Published: 15/08/2002, Volume III, No. 5818 Page 18

The government is changing the rules about NHS IT procurement - not for the first time, and no doubt not for the last. But whenever the rules change, the danger is that all work on new NHS IT systems grinds to a shuddering halt. That is bad for the NHS IT industry. It is bad for the patient, because the benefits of new systems are lost or delayed.And it is also bad for the government, because promised benefits to patients - the justification for higher taxes - cannot be delivered.

That is why in June, NHS IT minister Lord Hunt issued a clear instruction: 'We cannot afford months of planning blight, ' he said. 'Where activity is already underway, my clear message is:

do not stop.'And at a recent supplier forum held by the NHS Information Authority, Sir John Pattison repeated the message.

'We do not want sensible current procurements to stop, ' he pleaded.

With so much urgency around, how could there be a problem?

Yet there is. Speaker after speaker at the forum, including Sir John himself, stated that the new initiatives had already caused serious planning blight.

Those IT projects that are already well down the procurement route seem to be pressing ahead. Those that have yet to get to the Official Journal of the European Communities stage seem mostly to have shelved their plans.

How did this happen? The NHS IT policy statement produced by the new government in 1988 put decisions firmly in the hands of the organisations which would be using systems. Chief executives were made personally responsible for the successful introduction of IT in their organisations. This took a year to have an impact, but eventually resulted in a surge of procurement activity, with scores of trusts replacing systems.

Now, the plan is for the NHS to appoint between two and five prime service providers (PSPs) which will supply all IT for the NHS. As part of its tender process, each prospective PSP will create an aligned consortium of vendors that will be its bidding partners in future procurements.

The NHS is going to develop system standards and every vendor wishing to join a PSP consortium will need to have its systems accredited by the Information Authority first. This will mean that existing systems may need to be redeveloped to meet the standards when they are published.Only accredited products will be eligible for supply to the NHS, but accreditation does not guarantee contracts.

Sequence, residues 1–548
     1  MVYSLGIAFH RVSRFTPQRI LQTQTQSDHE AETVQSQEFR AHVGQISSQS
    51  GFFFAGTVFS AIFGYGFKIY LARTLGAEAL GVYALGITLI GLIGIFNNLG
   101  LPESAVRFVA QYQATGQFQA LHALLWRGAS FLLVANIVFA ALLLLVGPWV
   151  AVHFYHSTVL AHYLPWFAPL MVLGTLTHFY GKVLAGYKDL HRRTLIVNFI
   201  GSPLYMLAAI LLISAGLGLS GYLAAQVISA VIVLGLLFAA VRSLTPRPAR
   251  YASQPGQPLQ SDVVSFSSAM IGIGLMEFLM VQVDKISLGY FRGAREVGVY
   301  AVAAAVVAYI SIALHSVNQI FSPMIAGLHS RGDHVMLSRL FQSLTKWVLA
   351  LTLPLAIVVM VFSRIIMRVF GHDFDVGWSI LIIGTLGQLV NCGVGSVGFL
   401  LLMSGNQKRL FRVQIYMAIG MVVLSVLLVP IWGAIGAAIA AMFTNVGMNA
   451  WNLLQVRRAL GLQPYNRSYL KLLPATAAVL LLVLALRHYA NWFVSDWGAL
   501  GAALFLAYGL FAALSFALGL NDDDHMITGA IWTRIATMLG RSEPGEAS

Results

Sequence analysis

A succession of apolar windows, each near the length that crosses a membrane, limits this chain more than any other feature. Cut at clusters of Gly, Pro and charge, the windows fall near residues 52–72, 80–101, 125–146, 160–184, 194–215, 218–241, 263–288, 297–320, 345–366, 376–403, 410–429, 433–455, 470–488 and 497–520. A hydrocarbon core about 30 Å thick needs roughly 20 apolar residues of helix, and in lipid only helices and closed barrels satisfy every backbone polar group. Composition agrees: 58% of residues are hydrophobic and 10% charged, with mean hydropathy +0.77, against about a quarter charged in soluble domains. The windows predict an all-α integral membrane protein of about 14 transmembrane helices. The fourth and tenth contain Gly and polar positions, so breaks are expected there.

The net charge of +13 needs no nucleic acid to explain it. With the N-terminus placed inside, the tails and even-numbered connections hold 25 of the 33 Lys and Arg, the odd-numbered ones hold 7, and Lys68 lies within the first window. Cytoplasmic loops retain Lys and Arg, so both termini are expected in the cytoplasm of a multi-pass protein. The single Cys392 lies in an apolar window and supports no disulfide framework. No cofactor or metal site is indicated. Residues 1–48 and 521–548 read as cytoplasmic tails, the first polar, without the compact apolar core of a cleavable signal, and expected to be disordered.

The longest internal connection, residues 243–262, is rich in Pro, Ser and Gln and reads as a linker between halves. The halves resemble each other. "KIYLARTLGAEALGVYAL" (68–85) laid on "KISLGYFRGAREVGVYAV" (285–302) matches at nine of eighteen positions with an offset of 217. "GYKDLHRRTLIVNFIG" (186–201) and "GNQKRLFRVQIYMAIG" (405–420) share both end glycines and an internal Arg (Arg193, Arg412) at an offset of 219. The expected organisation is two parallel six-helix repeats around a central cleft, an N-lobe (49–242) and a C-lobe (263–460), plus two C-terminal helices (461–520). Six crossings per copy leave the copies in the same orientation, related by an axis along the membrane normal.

The power to purchase systems will be transferred from trusts to the 28 strategic health authorities, and these will be expected to join together into consortiums, further reducing the number of contracts to be let (this may induce a slight sense of déjà vu for anyone who has been around the NHS IT market for 12 years or more). Each SHA will face a simple choice between the PSPs, avoiding the need for procurements and European tendering.

As this policy has begun to emerge over the last three months, many trusts seem to have decided that IT is no longer their problem and have therefore moved their attention to more pressing matters.A colleague of mine was recently working with some potential users, designing clinical data collection forms.

Between two meetings just two months apart, attitudes swung from 'let's do this now' to 'we do not need to bother any more, there will be national standards and systems for this sort of thing'.

Starting the drive towards new systems at trust level took a mighty push. It is remarkable how quickly that momentum seems to have been lost.

The problem, of course, is that planning blight is alarmingly easy to cause and much harder to cure.

Central command is beavering away trying to sort out the problems of the new purchasing policy.They are setting and validating accreditation standards, defining the role of PSPs, sorting out European procurement law, drawing up contracts for this single massive procurement, appointing PSPs, finding the extra budget to pay for the PSP tier, and so on.All these tasks must be completed before planning blight can be lifted fully.

The potential benefits of NHS IT systems delivered to high national standards are enormous, but the consequences of blight and delay could be serious. Blight is bad news for suppliers, of course, but also bad news for NHS patients, and perhaps politically it will be bad news for the government too. l Markus Bolton is chief executive of a healthcare computer systems supplier.